(Image credit: Article credit: Copyright SUF)
10 10 2011
Showing no sign of noise reduction, the geo-political and economic headlines hold the same miserable vein of the sky is falling down, economic growth is stunted, economic growth it slow, economic growth shows signs of movement in the years ahead, the UK’s budget deficit could fall, UK household debt will probably rise, the EU is melting, Banks have been downgraded, and the UK economy is, according to Bank of England Governor, `the worst financial crisis since the thirties’ ; all we need now is the headline It’s the end of civilisation as we know it! Our Banks are facing a shakeup, they get stressed, the creaking can be heard and a shout of Timber goes out.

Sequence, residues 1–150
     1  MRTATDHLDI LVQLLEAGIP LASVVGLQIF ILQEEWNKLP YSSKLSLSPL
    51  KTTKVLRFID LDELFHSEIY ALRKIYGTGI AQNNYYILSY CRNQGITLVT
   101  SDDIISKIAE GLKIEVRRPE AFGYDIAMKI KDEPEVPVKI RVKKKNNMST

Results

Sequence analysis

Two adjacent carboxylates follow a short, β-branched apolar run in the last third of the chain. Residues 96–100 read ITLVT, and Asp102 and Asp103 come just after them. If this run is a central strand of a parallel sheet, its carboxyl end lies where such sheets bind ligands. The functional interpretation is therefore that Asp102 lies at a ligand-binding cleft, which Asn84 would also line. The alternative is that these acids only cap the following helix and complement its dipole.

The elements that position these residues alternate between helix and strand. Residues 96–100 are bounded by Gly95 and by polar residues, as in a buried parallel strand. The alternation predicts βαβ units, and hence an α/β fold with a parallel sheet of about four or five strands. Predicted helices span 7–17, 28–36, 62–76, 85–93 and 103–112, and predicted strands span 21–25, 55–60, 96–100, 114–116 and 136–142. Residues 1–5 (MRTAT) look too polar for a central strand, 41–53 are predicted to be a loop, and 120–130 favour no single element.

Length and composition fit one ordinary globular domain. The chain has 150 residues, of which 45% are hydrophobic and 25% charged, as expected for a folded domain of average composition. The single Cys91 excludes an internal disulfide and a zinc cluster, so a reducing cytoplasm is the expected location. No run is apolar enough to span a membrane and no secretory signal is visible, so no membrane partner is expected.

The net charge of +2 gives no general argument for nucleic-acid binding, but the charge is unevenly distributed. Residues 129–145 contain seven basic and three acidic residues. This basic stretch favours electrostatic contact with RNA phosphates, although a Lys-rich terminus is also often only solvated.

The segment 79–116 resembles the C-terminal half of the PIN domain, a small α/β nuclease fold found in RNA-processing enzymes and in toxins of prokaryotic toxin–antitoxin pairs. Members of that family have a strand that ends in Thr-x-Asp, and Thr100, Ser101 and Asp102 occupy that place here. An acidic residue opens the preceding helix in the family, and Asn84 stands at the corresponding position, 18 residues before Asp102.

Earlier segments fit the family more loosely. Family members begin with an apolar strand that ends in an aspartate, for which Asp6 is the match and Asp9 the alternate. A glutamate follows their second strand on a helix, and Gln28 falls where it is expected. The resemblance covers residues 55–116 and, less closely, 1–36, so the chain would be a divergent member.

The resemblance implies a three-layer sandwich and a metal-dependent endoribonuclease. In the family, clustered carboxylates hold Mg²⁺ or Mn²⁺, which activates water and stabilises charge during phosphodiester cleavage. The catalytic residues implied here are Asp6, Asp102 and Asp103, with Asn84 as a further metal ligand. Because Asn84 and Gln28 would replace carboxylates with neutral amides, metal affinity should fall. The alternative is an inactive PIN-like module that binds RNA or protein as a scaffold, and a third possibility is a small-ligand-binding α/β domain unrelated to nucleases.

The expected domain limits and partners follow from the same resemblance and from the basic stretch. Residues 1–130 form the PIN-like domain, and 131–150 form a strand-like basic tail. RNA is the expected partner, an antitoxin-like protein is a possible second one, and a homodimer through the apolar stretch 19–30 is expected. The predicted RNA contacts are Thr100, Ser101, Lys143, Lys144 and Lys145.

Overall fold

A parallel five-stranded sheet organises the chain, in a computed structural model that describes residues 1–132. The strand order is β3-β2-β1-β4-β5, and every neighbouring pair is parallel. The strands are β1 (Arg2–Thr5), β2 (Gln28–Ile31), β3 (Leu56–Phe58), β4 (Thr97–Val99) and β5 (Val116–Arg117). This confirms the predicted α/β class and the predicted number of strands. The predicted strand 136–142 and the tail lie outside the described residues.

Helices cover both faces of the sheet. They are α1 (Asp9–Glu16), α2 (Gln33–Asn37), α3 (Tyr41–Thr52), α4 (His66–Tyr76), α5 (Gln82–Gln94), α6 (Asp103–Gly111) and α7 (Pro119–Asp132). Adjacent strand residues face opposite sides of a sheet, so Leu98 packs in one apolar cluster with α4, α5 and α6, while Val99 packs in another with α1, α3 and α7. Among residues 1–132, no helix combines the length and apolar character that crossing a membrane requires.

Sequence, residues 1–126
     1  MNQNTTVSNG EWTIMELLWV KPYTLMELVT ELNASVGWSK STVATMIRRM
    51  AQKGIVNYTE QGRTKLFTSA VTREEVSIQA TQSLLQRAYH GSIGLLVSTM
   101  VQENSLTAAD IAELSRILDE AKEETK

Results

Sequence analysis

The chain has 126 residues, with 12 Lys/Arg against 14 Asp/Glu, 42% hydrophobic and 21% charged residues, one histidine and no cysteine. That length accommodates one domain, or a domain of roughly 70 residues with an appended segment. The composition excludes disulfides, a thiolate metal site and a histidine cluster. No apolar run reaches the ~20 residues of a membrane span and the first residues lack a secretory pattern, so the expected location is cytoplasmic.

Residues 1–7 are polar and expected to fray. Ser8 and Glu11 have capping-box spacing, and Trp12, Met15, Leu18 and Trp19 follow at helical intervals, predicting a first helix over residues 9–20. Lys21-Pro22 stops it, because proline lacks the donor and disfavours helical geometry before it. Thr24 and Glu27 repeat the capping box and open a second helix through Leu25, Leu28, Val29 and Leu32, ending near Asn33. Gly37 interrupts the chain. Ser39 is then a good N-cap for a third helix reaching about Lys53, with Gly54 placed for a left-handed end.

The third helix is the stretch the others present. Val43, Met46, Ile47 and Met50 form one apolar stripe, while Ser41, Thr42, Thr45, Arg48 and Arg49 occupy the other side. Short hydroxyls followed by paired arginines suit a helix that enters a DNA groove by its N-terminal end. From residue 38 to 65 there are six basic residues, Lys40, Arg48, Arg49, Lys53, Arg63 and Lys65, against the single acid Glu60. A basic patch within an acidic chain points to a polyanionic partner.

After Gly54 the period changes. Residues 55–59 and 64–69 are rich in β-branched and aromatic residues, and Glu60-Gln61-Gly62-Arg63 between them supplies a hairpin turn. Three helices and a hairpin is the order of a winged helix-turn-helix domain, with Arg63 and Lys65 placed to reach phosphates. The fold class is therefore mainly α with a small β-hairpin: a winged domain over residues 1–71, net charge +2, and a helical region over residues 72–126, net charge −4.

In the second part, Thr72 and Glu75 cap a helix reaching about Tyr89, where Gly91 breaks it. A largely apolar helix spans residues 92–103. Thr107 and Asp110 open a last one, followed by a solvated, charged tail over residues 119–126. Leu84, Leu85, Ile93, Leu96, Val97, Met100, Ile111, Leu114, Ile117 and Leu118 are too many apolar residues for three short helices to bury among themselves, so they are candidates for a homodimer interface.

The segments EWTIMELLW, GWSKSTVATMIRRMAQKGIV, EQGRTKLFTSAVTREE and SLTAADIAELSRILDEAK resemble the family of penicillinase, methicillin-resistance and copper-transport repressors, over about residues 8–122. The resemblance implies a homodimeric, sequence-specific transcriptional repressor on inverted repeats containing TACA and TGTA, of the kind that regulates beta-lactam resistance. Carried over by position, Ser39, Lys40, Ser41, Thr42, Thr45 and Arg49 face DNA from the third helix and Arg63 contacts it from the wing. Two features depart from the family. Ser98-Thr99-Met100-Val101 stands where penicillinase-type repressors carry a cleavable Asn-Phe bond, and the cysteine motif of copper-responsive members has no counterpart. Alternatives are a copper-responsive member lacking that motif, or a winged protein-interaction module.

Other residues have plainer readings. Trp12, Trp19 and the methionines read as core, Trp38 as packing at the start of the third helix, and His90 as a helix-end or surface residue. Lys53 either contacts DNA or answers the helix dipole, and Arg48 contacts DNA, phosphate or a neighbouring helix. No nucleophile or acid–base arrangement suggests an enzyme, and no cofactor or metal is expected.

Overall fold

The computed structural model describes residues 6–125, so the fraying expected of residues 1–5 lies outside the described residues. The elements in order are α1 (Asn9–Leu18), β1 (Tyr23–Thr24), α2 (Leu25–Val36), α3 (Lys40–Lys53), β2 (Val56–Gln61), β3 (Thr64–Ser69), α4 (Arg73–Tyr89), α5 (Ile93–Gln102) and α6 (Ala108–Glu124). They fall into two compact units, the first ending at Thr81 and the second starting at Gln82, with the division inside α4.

Slowdown in shopping centre development is likely in the UK and every customer counts for the supermarket share as customers are spending less on each trip, however, according to a small business survey by American Express, 93% of respondents believe it’s important to support local business with an average spending 1/3 of their disposable income at those stores.
The carrier bag police are out in Wales as a levy of 5p is being introduced for carrier bag usage, however, some traders have been left confused about the exemptions relating to up to £5,000 in fines if businesses don’t comply. Economic crime in the insurance sector will be targeted, from January, by a fraud crime unit with 35 specialist fraud detectives and financial investigators. The independent police unit will focus on crime valued at £2bn a year.